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Moment of truth
The word 'nanotechnology' is first coined by University of Tokyo researcher Norio Taniguchi back in 1974.

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corona Astron.
The outermost atmosphere of a star, consists of very hot gas heated to temperatures millions of degrees.
Sun's corona The Sun's corona is clearly visible when the Moon completely covers the sun during total solar eclipse (left).The temperature of the surface of the sun is about 6000C, whereas corona temperature can reach up to a million centigrade. There is still no satisfactory explanation why the corona is so much hotter than the sun's surface.

cosmic inflation Astron.
A theory of cosmology that explains the very early stage of the Big Bang process that formed the universe. It is introduced in the early 1980s by theoretical physicists Alan Guth and Alexei Starobinski. The theory states that at the very early stage of Big Bang, the universe underwent a very rapid expansion, with an increase in size of a factor of 1025 in about 10-32 second. During this period, the universe expanded from the size of a proton to the size of a grapefruit. Following after this stage, the universe would resume its normal, decelerating expansion.

The theory was introduced in order to explain the smoothness of the universe expansion in all direction as it is observed today, with similar distribution of galaxies in all direction. The rapid expansion, that doubled the size of the universe every 10-34 second as light travelled over a distance much less than the size of an atomic nucleus during the whole inflation period, removes all initial complexities and generates a smooth universe. The expansion energy is thought to have converted to form particles such as protons and electrons that subsequently form atoms and matter. The remnant energy was dispersed as the cosmic microwave background pervading the universe today.

cosmic ray Astron.
High-speed particles with an energy range of 109 GeV to more than 1020 GeV and originate from space. Most of these particles consist of protons (~80%) and alpha particle (~12%) while the remainder can be electrons, nuclei of oxygen, carbon, nitrogen and other heavier elements. Most of these particles are thought to originate with the Milky Way but those of extremely high energy (above 1018 GeV) are believed to have created at even more distant sources. The rays was first discovered by Viktor Hess in 1912 and these particles often interact with air molecules in the atmosphere to produced scattered paths and short-lived particles.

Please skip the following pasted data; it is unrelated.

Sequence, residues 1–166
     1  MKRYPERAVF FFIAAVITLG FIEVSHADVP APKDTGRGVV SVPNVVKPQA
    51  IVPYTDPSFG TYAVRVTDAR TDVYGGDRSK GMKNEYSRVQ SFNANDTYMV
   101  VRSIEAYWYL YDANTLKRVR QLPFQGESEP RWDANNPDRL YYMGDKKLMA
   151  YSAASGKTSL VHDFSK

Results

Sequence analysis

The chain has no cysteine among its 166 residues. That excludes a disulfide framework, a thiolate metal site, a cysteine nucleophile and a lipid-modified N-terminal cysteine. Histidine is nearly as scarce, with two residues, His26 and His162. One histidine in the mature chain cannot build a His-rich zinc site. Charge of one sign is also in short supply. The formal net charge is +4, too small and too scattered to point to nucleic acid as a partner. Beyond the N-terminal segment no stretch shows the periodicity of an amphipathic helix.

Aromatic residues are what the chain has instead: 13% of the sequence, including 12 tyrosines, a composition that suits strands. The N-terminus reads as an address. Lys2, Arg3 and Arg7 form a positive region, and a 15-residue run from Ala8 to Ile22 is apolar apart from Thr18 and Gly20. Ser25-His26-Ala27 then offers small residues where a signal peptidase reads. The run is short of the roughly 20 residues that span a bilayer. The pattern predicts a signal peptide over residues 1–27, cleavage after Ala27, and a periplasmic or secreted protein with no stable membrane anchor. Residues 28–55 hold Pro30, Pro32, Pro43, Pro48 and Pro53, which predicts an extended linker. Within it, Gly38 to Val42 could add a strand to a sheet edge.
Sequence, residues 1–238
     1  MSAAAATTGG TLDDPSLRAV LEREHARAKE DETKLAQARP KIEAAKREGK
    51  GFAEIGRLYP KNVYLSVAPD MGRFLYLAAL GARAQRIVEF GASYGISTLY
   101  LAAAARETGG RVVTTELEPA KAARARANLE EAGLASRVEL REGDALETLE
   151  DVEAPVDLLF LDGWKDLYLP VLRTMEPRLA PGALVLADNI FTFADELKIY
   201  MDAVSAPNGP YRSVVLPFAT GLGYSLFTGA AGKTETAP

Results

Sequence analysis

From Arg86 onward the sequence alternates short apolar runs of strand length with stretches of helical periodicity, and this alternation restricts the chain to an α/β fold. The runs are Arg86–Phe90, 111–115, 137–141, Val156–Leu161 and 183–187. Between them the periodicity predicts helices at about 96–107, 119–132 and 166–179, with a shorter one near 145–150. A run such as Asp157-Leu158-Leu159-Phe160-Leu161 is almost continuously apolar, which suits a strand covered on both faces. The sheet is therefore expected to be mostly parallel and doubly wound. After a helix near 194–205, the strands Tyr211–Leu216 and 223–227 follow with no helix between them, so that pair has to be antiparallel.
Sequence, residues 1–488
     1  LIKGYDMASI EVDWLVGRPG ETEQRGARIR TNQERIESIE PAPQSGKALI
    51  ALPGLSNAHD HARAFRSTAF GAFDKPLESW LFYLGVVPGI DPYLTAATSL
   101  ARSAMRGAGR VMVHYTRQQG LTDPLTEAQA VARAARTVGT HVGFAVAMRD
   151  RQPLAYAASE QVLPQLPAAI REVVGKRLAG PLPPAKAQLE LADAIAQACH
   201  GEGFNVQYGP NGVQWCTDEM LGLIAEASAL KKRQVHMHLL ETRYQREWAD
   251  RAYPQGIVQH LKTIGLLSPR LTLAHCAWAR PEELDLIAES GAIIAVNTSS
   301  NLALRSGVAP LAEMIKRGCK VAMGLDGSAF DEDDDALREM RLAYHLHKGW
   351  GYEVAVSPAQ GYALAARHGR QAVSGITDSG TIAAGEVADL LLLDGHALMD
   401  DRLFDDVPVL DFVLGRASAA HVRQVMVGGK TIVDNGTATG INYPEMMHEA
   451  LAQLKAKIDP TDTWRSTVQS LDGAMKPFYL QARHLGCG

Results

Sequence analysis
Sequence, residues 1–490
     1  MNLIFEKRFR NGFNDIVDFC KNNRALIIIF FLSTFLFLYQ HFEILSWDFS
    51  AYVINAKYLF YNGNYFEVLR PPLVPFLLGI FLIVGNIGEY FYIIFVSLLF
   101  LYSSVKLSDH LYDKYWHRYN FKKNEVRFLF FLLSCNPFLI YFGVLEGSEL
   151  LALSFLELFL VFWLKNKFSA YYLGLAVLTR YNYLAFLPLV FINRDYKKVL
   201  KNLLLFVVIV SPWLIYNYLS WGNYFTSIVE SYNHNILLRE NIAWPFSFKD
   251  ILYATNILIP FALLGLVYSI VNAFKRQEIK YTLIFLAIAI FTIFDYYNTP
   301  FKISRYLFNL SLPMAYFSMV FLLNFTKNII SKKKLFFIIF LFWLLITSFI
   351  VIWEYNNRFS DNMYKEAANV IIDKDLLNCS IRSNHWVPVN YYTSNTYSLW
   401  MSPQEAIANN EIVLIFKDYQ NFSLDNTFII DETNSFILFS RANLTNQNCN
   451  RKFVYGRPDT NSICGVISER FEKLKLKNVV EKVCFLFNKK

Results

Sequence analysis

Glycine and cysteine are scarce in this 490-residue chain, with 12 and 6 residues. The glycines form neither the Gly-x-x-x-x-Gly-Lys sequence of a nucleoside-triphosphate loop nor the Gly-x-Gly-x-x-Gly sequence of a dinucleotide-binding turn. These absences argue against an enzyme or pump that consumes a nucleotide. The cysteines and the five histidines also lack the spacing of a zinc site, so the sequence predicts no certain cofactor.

cosmic year Astron.
The time it takes the Sun to complete an orbit around the center of the Milky Way (galatic rotation). This is approximately equal to 225 million years.

coulombic interaction Chem., Phys.
Energy interaction between two point charges, acting along the line connecting the two charges and defines as:

Coulombic interaction

where r is the distance between two ions, q1 and q2 are the corresponding electric charges (in Coulombs) and e0 is the dielectric constant of a medium (electrical permitivity of space). Two opposite charged species will give an attractive interaction (negative U), while similar charged species give repulsive interaction (positive U).

counterion Chem.
An ion that is of opposite charge to another ionic species. A counterion is often necessarily present in a system in order to maintain the overall charge neutrality of the system. For example, sodium cation is a counterion for the chloride anion (and vice versa) in the sodium chloride solution.

covalent radius Chem.
Measure of the size of atom which forms part of a covalent bond. Usually the sum of two covalent radii should be the covalent bond length between two similar atoms. For instance, the covalent radius of hydrogen atom in the hydrogen gas (H2) is 37.07 pm (picometer) which is half of the H-H bond length. However, the covalent radius of an atom is not the same depending on its chemical environment and its covalent bonding with the other atom. Covalent radii can usually be measured by X-ray diffraction.

CPT symmetry Phys.
Abbreviation for Charge, Parity and Time Reversal symmetry, the hypothesis of the Standard Model of particle physics which states that the laws of physics do not change if all the interacting particles are replaced by their antiparticles of opposite charge (C), all the directions are reversed (P) and the time is reversed (T).

cryogenic pump Eng., Chem.
A vacuum pump in which pressure is reduced by condensing gases and vapors on cold surfaces. The low temperature of the surface can be maintained by liquid helium or other coolants such as liquid hydrogen, liquid nitrogen or dry ice. Depending on the coolant being used, pressure down to 10-8 mmHg (10-6 Pa) can be achieved.

The gases remained condensed as long as the surface is sufficiently cold. When the surface is saturated with the condensed gas, it will not be able to further condense any fresh leaks and pressure will subsequently increase. However, the surface can be regenerated by evaporating the gases by means of a machanical pump in the vacuum condition.

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